Health Care IT Legislation Under Consideration
The House Energy and Commerce Health Subcommittee on Thursday will mark up a bill (HR 4157) that would promote the use of health care information technology and establish national standards on privacy and implementation of electronic health records, CQ Today reports (Schuler, CQ Today, 6/7). The legislation, sponsored by subcommittee Chair Nancy Johnson (R-Conn.) and Rep. Nathan Deal (R-Ga.), would codify the Office of the National Coordinator for Health Information Technology within HHS and would establish a committee to make recommendations on national standards for medical data storage and develop a permanent structure to govern national interoperability standards.
The bill also would clarify that current medical privacy laws apply to data stored or transmitted electronically and would require the HHS secretary to recommend to Congress a privacy standard to reconcile differences in federal and state laws. Under the bill, the number of billing codes health care providers use to file insurance claims would increase from 24,000 to more than 200,000 by Oct. 1, 2009.
The House Ways and Means Subcommittee on Health approved legislation in May (California Healthline, 5/25).
According to an Energy and Commerce Committee spokesperson, Deal plans to offer a substitute manager's amendment to the bill during the markup, CongressDaily reports (Heil, CongressDaily 6/7). The Senate in November 2005 adopted a similar bill (S 1418) that would authorize grants to providers that store and distribute health information electronically.
The House bill would not authorize such funding (CQ Today, 6/7). Democrats say that the House bill does not include strong enough privacy protections and has too broad an exemption in anti-kickback laws, CongressDaily reports.
According to CongressDaily, the health IT bill is slated for a House vote during a "Health Week," beginning June 19. The House also might consider legislation (HR 2355) by Rep. John Shadegg (R-Ariz.) that would allow health insurers to offer plans across state lines. The bill was approved by the Energy and Commerce Committee in July 2005. Other bills that could be considered address graduate medical education and the reauthorization the federal community health center program, the Ryan White CARE Act and the CDC foundation (CongressDaily, 6/7).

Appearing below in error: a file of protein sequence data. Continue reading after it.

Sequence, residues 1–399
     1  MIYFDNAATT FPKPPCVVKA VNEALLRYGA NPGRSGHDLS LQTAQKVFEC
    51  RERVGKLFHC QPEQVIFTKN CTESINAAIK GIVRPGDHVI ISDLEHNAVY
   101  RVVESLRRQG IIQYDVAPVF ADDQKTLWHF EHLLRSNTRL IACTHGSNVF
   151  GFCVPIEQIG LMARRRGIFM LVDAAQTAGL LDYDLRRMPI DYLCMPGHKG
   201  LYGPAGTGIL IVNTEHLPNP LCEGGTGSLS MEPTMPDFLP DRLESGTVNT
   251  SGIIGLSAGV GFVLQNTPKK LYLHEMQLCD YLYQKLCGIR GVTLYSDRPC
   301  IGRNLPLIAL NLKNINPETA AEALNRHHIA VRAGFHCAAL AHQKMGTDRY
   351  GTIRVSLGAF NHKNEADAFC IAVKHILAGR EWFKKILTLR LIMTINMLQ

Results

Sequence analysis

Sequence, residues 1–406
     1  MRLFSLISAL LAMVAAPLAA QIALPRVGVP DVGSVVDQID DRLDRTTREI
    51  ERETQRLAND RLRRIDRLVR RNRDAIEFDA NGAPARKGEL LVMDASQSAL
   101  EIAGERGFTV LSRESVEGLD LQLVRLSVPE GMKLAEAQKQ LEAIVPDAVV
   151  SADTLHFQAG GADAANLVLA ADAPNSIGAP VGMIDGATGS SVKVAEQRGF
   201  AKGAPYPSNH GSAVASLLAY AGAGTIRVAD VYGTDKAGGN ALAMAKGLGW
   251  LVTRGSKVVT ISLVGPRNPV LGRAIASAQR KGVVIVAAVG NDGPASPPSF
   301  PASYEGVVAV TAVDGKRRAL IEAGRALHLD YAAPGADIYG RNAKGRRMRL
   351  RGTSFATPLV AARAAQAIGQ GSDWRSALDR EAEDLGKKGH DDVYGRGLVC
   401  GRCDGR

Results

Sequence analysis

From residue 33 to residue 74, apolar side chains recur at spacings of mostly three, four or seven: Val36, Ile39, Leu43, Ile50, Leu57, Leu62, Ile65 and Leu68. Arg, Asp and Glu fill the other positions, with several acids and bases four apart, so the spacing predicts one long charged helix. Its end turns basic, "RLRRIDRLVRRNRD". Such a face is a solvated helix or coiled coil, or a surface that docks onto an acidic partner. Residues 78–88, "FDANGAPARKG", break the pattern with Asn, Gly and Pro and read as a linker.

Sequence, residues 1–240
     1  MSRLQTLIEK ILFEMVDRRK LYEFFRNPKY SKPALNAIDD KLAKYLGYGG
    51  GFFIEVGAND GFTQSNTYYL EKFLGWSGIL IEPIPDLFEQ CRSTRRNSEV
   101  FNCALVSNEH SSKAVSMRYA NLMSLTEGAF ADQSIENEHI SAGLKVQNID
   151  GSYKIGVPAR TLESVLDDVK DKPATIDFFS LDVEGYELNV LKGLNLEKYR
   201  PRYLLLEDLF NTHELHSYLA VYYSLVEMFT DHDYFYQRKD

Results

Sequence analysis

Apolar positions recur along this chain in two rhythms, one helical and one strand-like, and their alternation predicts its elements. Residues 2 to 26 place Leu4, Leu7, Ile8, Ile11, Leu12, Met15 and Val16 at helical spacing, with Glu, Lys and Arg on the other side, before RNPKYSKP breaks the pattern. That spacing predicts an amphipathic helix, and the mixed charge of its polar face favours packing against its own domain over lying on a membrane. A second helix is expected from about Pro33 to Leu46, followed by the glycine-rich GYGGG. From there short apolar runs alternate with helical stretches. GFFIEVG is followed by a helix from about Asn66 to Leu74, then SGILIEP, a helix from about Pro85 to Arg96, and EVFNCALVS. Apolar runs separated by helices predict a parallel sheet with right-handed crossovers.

In related news, former National Coordinator for Health Information Technology David Brailer on Wednesday predicted that Congress will pass the bill and that President Bush will sign legislation this year aimed at speeding the adoption of health IT, CQ HealthBeat reports. At a conference sponsored by the Healthcare Information and Management Systems Society in Washington, Brailer said that once the first set of common health IT standards are set by the Health Information Standards Board in September, government officials will "rapidly take those up into the internal systems, into the contracting, into the benefits purchasing of federal agencies."
He said, "The federal government has to be the first in line to be able to do this. And this means that agencies have to be able to look at their contracts, how it is that they procure services from health plans, from doctors, from hospitals, from other suppliers." Brailer suggested that if the government does not immediately put the common standards to use in its purchasing, adoption of the standards could take five to seven years, instead of one or two.
CMS Administrator Mark McClellan also addressed the conference, highlighting several federal pilot projects to promote quality-based payment and the use of health care IT, CQ HealthBeat reports. The pilots include efforts to increase doctors' use of handheld prescribing devices, grants to encourage the formation of regional networks to transmit electronic health care data and a plan to develop electronic health records for Medicare beneficiaries (Reichard, CQ HealthBeat, 6/7).